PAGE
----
05:17:12 pm on January 30, 2007 |
BELMONT, CALIF. — When the City Council of this San Francisco suburb voted to consider what could be the most stringent tobacco regulation in America, anti-smoking activists cheered. Banning smoking everywhere but single-family detached homes and their yards would be a big step forward, even in health-conscious California.
Then the blogosphere erupted. Side-by-side portraits of Councilwoman Coralin Feierbach and Nazi SS chief Heinrich Himmler were posted on a smoking-rights website. Threats were e-mailed to City Hall, and police and prosecutors were called in to investigate.
A strict new ordinance is still set to be unveiled this winter for more public discussion and an eventual vote. But instead of just the flat-out ban on lighting up in apartments, condominiums and public places that captured worldwide attention, City Atty. Marc Zafferano said the first draft would be a menu of restrictions from which council members could pick and choose.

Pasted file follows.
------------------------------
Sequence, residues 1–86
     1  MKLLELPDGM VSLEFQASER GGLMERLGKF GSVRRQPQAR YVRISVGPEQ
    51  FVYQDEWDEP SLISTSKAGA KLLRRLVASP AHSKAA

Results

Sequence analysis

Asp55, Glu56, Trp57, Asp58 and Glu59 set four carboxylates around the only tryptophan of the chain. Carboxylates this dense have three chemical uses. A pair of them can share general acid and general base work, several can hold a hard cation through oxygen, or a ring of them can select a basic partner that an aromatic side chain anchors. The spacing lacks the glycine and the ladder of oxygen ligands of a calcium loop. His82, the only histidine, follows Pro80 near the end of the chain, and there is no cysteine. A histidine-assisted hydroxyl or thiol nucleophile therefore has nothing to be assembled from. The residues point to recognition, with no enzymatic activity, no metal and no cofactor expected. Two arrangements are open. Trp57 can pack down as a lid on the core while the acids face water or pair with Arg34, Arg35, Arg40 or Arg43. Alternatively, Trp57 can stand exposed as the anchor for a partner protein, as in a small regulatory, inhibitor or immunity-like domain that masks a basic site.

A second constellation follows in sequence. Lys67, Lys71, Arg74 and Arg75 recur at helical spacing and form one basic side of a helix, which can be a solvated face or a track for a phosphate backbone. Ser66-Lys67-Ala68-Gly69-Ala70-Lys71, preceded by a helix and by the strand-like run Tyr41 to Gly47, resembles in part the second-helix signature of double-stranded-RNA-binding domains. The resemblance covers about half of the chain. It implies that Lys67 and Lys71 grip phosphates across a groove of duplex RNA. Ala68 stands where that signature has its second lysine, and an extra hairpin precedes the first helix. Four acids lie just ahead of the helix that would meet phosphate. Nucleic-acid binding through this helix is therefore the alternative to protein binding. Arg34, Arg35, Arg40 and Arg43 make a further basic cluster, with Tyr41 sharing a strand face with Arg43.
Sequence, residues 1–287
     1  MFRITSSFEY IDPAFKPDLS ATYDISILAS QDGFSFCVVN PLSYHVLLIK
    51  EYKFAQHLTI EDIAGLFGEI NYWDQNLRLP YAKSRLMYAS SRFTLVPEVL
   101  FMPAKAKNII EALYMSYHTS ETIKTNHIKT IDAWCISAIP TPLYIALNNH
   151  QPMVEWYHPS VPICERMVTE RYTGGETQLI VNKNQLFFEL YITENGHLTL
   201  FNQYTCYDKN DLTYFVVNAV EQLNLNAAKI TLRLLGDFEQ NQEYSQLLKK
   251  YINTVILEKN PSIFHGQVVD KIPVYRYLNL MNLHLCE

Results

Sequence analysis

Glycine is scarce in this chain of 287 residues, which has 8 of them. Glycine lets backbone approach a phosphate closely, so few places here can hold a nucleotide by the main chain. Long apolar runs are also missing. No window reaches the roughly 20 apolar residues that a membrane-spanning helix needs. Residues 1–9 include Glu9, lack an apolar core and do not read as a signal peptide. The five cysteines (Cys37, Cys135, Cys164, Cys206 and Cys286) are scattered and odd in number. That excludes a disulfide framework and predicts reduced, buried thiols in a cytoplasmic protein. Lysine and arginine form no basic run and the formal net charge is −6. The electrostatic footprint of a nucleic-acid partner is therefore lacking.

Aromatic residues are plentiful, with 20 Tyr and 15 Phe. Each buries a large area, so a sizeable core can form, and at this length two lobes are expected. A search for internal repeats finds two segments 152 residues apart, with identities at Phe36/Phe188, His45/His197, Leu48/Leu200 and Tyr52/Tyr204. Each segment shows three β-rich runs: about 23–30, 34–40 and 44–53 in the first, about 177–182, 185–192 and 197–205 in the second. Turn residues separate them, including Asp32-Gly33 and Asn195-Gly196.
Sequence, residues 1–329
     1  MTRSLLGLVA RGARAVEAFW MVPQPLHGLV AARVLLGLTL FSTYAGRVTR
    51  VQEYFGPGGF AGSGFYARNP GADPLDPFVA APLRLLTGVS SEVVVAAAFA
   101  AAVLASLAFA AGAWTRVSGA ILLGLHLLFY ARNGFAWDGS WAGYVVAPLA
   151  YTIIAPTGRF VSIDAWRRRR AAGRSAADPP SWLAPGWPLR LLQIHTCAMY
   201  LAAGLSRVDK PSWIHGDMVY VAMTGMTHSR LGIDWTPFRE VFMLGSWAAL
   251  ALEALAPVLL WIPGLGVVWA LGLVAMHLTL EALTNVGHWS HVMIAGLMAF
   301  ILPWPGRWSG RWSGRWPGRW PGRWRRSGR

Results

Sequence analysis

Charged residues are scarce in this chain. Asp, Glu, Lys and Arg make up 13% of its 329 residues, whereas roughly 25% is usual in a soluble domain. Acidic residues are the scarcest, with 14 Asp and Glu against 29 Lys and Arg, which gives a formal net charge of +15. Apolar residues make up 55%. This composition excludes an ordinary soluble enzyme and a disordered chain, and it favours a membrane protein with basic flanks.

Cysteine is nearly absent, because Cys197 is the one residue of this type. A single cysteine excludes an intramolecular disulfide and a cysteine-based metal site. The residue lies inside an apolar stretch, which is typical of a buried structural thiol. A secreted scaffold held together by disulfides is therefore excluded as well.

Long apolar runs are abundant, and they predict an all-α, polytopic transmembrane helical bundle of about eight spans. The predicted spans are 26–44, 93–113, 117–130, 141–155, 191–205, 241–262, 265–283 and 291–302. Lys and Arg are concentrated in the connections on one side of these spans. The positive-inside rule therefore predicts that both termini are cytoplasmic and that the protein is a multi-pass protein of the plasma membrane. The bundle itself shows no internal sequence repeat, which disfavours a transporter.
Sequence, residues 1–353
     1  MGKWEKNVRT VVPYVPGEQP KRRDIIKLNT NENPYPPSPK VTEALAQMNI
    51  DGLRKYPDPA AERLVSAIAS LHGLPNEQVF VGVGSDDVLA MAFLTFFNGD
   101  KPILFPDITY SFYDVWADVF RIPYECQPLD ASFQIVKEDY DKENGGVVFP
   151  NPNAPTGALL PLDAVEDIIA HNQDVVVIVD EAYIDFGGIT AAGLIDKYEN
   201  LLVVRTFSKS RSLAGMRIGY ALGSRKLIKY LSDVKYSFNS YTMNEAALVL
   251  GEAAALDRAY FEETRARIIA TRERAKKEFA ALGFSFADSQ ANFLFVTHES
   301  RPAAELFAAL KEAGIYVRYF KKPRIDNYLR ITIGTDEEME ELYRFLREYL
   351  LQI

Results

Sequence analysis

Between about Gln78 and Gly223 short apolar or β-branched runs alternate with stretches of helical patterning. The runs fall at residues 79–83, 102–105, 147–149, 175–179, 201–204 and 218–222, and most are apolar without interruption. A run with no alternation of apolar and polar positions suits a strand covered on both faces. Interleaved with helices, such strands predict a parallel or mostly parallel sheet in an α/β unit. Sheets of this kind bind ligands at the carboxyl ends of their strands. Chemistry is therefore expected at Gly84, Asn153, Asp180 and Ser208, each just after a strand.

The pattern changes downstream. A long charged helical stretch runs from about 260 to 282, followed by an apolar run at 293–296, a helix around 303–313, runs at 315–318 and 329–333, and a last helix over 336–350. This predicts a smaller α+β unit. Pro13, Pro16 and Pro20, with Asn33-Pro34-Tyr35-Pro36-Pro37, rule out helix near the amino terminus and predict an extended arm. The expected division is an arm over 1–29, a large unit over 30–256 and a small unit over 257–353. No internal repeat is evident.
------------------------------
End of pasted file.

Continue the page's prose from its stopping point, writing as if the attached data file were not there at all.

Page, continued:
So although Belmont may not make the kind of history envisioned in the early headlines (“Belmont to be first U.S. city to ban all smoking”), it still could make history of another sort, by finding a line this tobacco-averse nation is unwilling to cross — at least for the moment — in pursuit of better public health.
“I don’t know where the boundaries of a truly legally defensible ordinance are,” acknowledged Councilman Dave Warden, who is pushing to pass “the strictest law possible.”
“I really believe that we’re really so close to the line that no one can really tell,” he said.
Even though nearly two-thirds of Americans have smoke-free policies in their own homes, according to the 2000 census, restrictions on smoking in multi-unit buildings, in the very sanctity of one’s own living room, constitute a new frontier in tobacco law.Advertisements